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Politely prepare for Cupertino's wearable with these 5 tips for Apple Watch etiquette

Politely prepare for Cupertino's wearable with these 5 tips for Apple Watch etiquette

That iThingy You're Wearing
April 13, 2015

The Apple Watch might make you more efficient, connected, and healthier, but if you’re considering adding “an all-round better person” to that list, then think again. In fact, Cupertino’s smartwatch, which can be preordered now from the Apple Online Store, might even transform you from your polite, mild-mannered self into, well … the kind of person nobody likes.

How could this be so, you ask? Take a look at Lauren Goode’s “five tips for Apple Watch etiquette,” a new (and, frankly, hilarious) video from Re/code, which outlines the darker side of strapping a $600 computer to your wrist.

If you can’t see the above video, please click this link.

I have to admit, I’ve been playing through similar situations in my head since preordering the Apple Watch on Friday; in particular, the “Activate on Raise Wrist” feature, which allows users to enable their smartwatch’s display and even check on notifications with a simple raise of the arm, seems pretty dangerous. You see, while this physical gesture indeed allows Watch owners to respond to the gentle, discrete, and unobtrusive “tap notification” they’ll receive when an iMessage or email reaches their iPhone, there’s nothing less discrete (or, for that matter, more rude) than rather blatantly checking your watch while talking to another person. Add a couple of screen swipes into the mix, plus a twist and press of the Digital Crown, and we can guarantee you’ll swiftly find yourself residing in etiquette hell.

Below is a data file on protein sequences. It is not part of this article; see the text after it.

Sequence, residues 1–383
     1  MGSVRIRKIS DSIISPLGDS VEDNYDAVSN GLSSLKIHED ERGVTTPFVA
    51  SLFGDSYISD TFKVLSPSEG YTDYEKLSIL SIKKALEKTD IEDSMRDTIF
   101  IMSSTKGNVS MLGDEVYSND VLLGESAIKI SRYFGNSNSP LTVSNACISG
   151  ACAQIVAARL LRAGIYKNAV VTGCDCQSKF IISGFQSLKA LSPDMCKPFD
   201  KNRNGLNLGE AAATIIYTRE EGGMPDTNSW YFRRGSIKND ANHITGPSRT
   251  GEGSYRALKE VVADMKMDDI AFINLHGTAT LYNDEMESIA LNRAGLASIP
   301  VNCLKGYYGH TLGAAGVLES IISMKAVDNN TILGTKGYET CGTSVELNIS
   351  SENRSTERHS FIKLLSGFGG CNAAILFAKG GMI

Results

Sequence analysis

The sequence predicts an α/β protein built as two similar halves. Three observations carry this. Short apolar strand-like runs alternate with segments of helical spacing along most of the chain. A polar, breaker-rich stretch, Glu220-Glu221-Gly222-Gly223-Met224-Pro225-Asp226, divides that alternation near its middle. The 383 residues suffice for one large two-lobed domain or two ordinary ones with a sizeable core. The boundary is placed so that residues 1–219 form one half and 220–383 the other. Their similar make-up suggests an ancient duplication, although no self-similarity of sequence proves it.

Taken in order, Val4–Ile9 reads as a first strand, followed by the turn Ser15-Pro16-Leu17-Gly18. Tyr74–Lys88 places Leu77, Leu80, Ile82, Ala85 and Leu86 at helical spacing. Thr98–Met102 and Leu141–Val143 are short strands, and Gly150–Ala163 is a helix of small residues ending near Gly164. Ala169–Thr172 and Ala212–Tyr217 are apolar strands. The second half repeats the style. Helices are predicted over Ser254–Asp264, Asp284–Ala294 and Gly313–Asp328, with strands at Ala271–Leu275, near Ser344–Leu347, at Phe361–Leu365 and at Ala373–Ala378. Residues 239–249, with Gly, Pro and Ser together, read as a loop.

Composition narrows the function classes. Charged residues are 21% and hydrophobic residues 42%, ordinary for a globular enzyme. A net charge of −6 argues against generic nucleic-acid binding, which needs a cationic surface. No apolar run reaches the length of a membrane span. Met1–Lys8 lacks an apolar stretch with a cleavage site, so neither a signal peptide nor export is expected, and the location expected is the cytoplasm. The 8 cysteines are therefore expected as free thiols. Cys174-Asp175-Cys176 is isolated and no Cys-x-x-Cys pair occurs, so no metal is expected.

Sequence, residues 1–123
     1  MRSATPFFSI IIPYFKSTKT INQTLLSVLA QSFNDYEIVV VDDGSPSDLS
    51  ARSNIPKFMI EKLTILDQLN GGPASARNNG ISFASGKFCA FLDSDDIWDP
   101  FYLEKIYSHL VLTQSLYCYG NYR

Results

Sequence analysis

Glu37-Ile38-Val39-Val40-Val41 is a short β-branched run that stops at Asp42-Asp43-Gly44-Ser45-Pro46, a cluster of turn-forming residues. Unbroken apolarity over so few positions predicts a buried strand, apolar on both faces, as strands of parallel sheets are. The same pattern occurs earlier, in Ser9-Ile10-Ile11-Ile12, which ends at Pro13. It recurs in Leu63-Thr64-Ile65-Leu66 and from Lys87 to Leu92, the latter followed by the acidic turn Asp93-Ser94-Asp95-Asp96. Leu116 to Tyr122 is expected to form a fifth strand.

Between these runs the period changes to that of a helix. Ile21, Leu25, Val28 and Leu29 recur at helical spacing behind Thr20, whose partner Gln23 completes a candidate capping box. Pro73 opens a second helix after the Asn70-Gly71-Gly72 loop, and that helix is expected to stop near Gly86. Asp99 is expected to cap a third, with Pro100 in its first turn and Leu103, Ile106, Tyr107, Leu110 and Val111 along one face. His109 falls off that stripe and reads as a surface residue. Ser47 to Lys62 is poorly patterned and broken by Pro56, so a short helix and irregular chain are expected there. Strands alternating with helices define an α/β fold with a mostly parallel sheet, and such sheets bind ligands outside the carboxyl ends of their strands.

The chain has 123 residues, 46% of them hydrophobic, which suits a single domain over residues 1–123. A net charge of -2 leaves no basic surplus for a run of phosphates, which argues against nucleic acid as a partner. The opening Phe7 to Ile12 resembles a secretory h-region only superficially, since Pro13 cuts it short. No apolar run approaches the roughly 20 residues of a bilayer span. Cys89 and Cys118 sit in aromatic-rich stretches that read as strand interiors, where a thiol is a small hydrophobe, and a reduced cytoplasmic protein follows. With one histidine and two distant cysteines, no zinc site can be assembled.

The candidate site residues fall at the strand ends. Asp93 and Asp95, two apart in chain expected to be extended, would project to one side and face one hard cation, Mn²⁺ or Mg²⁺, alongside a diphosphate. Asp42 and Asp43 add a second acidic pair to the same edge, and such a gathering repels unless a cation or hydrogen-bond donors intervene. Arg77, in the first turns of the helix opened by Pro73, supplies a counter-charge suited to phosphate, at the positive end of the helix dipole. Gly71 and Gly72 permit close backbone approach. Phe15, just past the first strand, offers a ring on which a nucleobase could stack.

This, combined with some of Goode’s other observations, could mean the Apple Watch turns you into a digitally-connected monster come April 24. Do be sure to carefully follow Goode’s rules of etiquette and, hopefully, you won’t offend too many people once Cupertino’s wearable finds its new home on your wrist.

See also: The top 10 iPhone apps you are currently not using, System Monitor for iOS, the all-in-one system health app, gets a long overdue update, and LinkedIn’s new app seeks to ‘elevate’ employees and companies’ professional brands.

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